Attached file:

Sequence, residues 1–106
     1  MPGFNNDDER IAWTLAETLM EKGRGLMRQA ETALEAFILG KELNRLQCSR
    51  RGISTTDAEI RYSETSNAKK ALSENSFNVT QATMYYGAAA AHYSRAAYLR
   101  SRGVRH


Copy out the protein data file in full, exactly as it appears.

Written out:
Sequence, residues 1–106
     1  MPGFNNDDER IAWTLAETLM EKGRGLMRQA ETALEAFILG KELNRLQCSR
    51  RGISTTDAEI RYSETSNAKK ALSENSFNVT QATMYYGAAA AHYSRAAYLR
   101  SRGVRH